Report: Seven suspended, two discharged from Hawaii Police Department in 2018

  • Hawaii Police Department

KAILUA-KONA — Evidence tampering, assaults against youth and other allegations of misconduct were among a disciplinary report submitted to the state Legislature by the Hawaii Police Department.

On Jan. 8, Police Chief Paul Ferreira submitted the report to Senate President Ronald D. Kouchi. Overall, there were seven suspensions, two discharges and one sworn employee held in abeyance during an internal investigation in connection to stolen drugs from an evidence locker. The detective later retired before the investigation could be completed.


“Anytime there is an incident of misconduct it is disappointing,” said Deputy Police Chief Kenneth Bugado on Wednesday.

Bugado said officers are kept to a high standard and bound by strict directives of the department’s policies and procedures.

“Although there are varying degrees of severity, anytime an officer willfully violates department directives, it is surprising since we all enter this profession and pledge to uphold the law,” he said. “I don’t know why someone would want to tarnish what the badge stands for.”

In March 2018, police officials confirmed they were investigating one of their own for reportedly stealing drug evidence from the Hilo evidence storage facility. The case was referred to the Hawaii County Prosecutor’s Office, which then passed it to the state attorney general’s office to avoid a potential conflict of interest.

The initial police investigation began in the fall of 2017 after it was discovered an amount of cocaine, originally seized in 2014, was found to be lighter than initially reported.

The investigation identified a veteran officer of nearly 25 years as a person of interest for the missing portion of the drug. The detective was placed on administrative leave without pay and subsequent audits of other evidence recovered by the officer revealed other anomalies, which led to the discovery of cases where there was a weight discrepancy in marijuana concentrate from two separate investigations.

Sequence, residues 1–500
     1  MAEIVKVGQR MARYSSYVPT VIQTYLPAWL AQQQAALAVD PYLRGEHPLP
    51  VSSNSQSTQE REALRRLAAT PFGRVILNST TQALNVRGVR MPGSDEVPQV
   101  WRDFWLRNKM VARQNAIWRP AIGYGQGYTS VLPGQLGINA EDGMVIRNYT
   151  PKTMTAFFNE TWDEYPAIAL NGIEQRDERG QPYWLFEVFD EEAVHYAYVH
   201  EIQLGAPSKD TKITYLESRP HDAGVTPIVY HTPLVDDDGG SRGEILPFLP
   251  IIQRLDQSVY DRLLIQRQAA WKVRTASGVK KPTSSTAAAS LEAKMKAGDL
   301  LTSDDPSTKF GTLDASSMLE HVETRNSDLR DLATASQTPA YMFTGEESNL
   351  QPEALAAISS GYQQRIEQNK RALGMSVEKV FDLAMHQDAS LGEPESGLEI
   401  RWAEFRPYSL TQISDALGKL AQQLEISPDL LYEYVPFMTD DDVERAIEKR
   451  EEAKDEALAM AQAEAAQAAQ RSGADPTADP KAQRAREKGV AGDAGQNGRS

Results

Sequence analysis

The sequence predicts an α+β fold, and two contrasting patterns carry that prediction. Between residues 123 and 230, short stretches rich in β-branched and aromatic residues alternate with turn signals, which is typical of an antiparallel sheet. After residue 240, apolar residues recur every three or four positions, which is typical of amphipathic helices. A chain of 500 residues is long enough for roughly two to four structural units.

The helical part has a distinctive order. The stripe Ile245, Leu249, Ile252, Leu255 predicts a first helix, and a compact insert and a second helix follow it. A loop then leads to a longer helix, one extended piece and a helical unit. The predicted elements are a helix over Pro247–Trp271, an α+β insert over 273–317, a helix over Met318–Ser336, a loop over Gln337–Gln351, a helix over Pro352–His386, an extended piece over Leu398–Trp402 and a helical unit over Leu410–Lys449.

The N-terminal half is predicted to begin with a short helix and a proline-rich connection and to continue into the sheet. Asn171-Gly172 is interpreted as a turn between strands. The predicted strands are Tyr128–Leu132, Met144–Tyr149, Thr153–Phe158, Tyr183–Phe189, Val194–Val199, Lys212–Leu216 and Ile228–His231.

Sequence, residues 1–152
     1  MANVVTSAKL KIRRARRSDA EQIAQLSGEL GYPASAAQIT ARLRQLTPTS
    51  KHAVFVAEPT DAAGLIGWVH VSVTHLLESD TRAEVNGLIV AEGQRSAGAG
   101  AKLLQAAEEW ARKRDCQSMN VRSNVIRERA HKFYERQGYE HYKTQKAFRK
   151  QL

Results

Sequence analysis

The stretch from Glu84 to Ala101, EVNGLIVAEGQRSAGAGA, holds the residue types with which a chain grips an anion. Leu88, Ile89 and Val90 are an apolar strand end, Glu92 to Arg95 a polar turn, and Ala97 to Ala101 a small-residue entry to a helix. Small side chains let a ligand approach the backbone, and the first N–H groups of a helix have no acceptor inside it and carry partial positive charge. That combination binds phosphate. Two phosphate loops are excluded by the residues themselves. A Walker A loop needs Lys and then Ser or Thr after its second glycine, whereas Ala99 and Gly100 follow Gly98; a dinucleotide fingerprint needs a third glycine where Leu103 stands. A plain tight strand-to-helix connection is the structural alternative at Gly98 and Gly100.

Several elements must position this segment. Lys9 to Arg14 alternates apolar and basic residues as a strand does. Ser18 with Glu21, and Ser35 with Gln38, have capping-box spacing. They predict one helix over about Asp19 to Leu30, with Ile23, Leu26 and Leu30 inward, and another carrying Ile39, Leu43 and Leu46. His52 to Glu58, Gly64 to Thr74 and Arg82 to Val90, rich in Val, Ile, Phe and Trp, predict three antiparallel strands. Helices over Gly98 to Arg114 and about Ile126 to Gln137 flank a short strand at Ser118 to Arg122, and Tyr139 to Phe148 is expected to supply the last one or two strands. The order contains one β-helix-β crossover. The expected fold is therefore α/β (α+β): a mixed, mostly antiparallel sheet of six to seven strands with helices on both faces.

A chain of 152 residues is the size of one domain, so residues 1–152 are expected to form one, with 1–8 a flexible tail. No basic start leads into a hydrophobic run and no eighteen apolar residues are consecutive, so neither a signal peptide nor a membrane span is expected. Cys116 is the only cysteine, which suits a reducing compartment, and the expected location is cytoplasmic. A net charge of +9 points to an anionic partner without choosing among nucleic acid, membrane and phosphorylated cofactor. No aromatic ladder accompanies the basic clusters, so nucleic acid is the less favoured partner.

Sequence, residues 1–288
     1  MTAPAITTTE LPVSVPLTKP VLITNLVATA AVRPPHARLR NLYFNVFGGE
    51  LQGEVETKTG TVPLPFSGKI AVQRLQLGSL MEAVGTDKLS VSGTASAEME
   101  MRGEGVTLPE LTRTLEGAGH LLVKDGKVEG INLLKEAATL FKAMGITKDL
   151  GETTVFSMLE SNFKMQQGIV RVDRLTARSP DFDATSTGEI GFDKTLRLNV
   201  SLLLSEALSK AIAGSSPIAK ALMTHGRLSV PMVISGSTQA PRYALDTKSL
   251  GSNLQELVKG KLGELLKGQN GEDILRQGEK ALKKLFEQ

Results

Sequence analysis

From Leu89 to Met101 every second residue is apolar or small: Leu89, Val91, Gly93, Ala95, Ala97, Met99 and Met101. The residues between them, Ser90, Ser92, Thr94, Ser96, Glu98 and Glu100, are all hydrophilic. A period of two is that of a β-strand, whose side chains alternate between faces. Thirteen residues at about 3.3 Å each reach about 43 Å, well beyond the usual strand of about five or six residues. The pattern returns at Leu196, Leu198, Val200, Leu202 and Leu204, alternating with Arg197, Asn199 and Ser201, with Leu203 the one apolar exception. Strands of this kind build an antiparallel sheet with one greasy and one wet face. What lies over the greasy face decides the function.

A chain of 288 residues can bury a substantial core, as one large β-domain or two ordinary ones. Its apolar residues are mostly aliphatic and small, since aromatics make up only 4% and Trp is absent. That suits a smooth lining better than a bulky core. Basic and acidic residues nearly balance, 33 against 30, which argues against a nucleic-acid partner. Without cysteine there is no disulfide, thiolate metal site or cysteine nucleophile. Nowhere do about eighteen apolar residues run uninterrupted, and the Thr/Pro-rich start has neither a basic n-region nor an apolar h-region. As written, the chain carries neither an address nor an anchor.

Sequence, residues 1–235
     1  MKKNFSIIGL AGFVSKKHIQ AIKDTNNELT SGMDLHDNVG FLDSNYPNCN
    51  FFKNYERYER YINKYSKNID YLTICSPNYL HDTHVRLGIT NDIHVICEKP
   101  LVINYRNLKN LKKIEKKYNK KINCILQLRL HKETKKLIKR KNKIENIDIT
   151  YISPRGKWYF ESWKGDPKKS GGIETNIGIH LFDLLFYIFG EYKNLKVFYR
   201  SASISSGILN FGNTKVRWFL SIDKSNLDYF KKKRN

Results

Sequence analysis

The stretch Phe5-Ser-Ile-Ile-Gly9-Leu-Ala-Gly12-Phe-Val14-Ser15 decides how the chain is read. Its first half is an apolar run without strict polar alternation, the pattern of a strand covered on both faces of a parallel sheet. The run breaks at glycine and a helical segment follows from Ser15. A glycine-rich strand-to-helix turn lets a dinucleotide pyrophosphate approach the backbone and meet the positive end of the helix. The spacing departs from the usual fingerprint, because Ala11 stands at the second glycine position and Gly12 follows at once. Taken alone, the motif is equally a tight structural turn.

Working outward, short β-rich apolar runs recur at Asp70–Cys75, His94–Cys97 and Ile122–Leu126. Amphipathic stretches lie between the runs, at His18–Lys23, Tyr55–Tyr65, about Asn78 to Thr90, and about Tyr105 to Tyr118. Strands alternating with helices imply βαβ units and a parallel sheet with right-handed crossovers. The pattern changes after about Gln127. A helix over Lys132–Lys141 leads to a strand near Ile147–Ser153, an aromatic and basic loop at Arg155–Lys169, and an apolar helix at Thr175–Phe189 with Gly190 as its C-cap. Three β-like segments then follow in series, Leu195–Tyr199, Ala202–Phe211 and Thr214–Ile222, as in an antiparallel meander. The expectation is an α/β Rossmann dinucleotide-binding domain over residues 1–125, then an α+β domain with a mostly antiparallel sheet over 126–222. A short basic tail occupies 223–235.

The AG’s office assigned the Honolulu Prosecutor’s Office to screen the case for charges. In July 2018, Honolulu prosecutors determined there wasn’t enough evidence to prosecute.

“It is disappointing anytime an officer chooses to disobey the oath of office that we all swore we would abide by,” Bugado said. “It happens that in this case there was not enough evidence to prove a crime beyond a reasonable doubt, although frustrating, it is no less frustrating than that of other investigations conducted on behalf of the community that meet the same fate.”

While the case was not prosecuted, the police department did identify areas in evidence procedures that could be strengthened.

Prosecutors also were notified about a second case, one in which an officer was arrested after striking a child. Bugado said the officer was a 10-year veteran and was charged with second-degree assault at the time of the incident.

Bugado didn’t identify the officer; however, West Hawaii Today reported about an incident in May 2018 in which Officer Daniel Kuwabara was charged with third-degree assault, a misdemeanor, for kicking a teenager in the leg and striking him on the side of the head with his hand.

Kuwabara pleaded guilty to third-degree assault in November. He was sentenced to one year probation, required to obtain an anger management assessment and write a letter of apology to the minor.

An officer was also discharged after testing positive on a mandatory drug test. Bugado said the officer tested positive for one of the listed drugs: cocaine metabolites, phencyclidine, opiate metabolites, amphetamines or methaqualone.

“Due to medical privacy issues, the exact drug cannot be disclosed,” the deputy chief said. “The officer had over 21 years with the department.”

Another officer was suspended for five days for inaccurate information on traffic citation(s).

Wayne De Luz, chairman of the county Police Commission, said the report was provided to the commission at its last meeting Jan. 18.

“I thought it was thorough,” De Luz said. “Not every concern is listed, but for the number of responded calls they do, I thought it was pretty low.”

In De Luz’s opinion, he thinks the police department does a good job.


“The biggest concern is mainly we’re losing a lot of our senior officers,” he said.

Email Tiffany DeMasters at

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